fbpx Lending Money to My Daughter
Authored by Dr. Michelle Murray on November 10, 2020
Dear Dr. Michelle:

A few years back, I gave my daughter a significant amount of money because she had lost her job and was struggling to make ends meet. She’s been doing well for some time even though we are dealing with COVID. She has not made any attempt to pay me back and when I brought it up, she says she does not have the money. How should I navigate this situation so that my daughter pays me back?

Sincerely, Charlotte

Dear Charlotte:

I am sorry to hear about this situation with your daughter. It is nice to know you were in a position to assist your daughter when she needed it, and even better to learn that her situation has improved.

Lending money to family and friends can be risky and can affect relationships. There are three key situations when you should avoid loaning money or giving a gift of money:

  1.  when your own security will be threatened by the loss of the money;
  2. when you have expectations for being recognized in return; and
  3. when the money is given with the expectation that it will be paid back, even when there is a legal contract drawn up.

While you cannot change the past, you can try to change your mindset. Money issues between family members can have long-term effects on relationships. Ultimately, you have no control over whether or not your daughter pays you back. But you do have control over your own reaction to the situation. You can try to find a way to be okay with the fact that she may never pay you back.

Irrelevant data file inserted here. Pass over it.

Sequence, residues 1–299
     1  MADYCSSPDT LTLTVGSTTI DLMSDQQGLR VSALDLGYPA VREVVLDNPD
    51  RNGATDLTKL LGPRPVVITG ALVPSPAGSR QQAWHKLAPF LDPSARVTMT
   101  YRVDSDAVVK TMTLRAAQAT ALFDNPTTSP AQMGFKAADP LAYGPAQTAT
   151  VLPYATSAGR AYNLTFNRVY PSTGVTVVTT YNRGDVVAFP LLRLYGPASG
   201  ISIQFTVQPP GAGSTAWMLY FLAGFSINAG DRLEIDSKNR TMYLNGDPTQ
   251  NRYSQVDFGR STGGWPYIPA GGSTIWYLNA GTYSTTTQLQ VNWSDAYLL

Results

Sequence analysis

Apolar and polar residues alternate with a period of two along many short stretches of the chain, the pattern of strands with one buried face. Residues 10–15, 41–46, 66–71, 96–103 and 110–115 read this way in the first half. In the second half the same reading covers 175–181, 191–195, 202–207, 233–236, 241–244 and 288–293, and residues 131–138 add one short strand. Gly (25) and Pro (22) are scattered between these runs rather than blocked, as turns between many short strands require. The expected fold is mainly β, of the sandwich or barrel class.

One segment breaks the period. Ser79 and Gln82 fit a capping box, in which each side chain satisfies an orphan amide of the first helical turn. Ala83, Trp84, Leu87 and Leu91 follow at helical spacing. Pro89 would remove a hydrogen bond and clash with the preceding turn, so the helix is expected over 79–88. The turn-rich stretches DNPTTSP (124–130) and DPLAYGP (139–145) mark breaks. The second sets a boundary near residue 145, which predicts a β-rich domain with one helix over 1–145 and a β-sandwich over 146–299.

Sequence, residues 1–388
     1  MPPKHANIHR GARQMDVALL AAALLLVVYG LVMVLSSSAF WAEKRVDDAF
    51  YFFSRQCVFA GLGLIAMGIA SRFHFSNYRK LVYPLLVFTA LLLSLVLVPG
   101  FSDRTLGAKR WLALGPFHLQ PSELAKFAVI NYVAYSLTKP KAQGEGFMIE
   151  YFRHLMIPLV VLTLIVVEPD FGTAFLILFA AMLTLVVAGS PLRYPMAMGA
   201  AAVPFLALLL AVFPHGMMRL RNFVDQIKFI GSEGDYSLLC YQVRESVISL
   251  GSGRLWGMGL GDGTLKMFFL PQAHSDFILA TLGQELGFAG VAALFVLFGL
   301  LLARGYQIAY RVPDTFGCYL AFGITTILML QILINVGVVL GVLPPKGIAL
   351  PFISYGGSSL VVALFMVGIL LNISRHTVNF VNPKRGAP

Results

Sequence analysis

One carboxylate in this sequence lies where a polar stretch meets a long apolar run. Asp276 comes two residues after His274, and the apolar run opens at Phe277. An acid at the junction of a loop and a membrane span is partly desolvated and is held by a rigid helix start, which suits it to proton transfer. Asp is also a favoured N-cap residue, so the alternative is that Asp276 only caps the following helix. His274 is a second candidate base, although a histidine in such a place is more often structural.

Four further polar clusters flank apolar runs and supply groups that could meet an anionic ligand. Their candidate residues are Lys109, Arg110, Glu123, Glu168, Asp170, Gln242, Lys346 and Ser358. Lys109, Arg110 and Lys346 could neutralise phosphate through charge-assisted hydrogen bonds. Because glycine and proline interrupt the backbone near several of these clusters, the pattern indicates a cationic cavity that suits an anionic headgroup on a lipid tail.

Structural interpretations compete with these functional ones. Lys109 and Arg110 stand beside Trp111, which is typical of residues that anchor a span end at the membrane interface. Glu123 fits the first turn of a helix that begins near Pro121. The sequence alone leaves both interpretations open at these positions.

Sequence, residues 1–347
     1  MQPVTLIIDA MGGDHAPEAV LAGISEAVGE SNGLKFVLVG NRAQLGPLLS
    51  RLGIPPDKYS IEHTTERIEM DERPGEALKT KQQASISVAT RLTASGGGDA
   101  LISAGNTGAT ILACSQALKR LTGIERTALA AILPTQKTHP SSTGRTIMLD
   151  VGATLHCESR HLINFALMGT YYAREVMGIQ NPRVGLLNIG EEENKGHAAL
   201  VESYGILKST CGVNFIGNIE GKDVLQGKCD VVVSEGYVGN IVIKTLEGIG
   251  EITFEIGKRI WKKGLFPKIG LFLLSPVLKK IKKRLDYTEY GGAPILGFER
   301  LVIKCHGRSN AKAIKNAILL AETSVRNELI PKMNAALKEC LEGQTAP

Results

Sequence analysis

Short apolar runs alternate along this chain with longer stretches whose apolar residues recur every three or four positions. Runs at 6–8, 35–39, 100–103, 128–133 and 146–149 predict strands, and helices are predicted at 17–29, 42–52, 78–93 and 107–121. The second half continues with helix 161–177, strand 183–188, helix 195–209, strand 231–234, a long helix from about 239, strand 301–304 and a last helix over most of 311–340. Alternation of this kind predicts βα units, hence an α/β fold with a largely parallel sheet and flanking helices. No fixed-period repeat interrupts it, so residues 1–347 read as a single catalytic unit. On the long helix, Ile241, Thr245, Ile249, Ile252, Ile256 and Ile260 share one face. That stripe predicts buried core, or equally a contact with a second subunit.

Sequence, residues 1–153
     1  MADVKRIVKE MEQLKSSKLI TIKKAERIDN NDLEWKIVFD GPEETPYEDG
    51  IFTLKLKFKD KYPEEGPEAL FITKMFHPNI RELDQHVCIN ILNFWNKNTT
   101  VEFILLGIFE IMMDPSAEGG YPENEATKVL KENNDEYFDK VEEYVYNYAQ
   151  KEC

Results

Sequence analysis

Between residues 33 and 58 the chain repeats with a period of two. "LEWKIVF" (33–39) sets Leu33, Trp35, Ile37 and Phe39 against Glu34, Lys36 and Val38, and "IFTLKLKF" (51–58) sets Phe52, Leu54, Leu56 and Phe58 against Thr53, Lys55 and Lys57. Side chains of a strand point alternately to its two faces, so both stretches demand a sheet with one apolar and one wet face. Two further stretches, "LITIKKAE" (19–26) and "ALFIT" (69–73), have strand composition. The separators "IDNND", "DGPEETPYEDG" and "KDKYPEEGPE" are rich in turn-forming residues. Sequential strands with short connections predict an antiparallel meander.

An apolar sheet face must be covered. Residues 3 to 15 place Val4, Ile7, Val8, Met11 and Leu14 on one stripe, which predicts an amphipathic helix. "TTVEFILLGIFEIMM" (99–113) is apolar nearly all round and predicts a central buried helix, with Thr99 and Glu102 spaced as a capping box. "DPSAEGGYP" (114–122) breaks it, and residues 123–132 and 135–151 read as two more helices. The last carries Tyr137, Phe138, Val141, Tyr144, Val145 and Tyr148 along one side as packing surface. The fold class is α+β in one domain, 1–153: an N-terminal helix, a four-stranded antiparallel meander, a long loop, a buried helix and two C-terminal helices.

Be direct in your communication with your daughter. Explain to her your expectations and how you feel about the situation. Attempt to establish a new agreement about the money.

For instance, if upon giving her the money, you made it clear to her that she would need to pay you back, remind her of the agreement, but create new parameters around the payback. If no parameters were set, create them now. Try to give her control over setting the parameters. Ask her when she will be ready to start making contributions, for example. If you expected her to pay you back all in one lump sum, offer instead that she make small payments, even if it is only $10 a month, so she can demonstrate her commitment to new mutually agreed-upon terms.

If you did not make it clear when you gave your daughter the money that you expected her to pay you back, then it is important that you make your expectation clear now. Explain that you wrongly assumed she would pay the money back and share  your current expectations. Then work to create new terms, as outlined above.

By adjusting your own mindset – letting go of past expectations and resentment – you will be able to engage in a healthier conversation with your daughter. And you will also be better equipped to avoid disappointment if the conversation doesn’t go exactly as you hope it will. Good luck!

Dr. Michelle K. Murray, CEO of Nexus Family Healing and licensed Marriage and Family Therapist, answers questions about family relations or mental health. Submit Your Question.

Dear Dr. Michelle blog posts are informational in nature.  The posts are not meant to take the place of consulting your physician, mental health professional, or other qualified health providers regarding your well-being or the well-being of others. Submitting a question does not establish a client/therapist relationship.

Submit Your Question on mental health and/or family relations to Dr. Michelle K. Murray.

Dr. Michelle Murray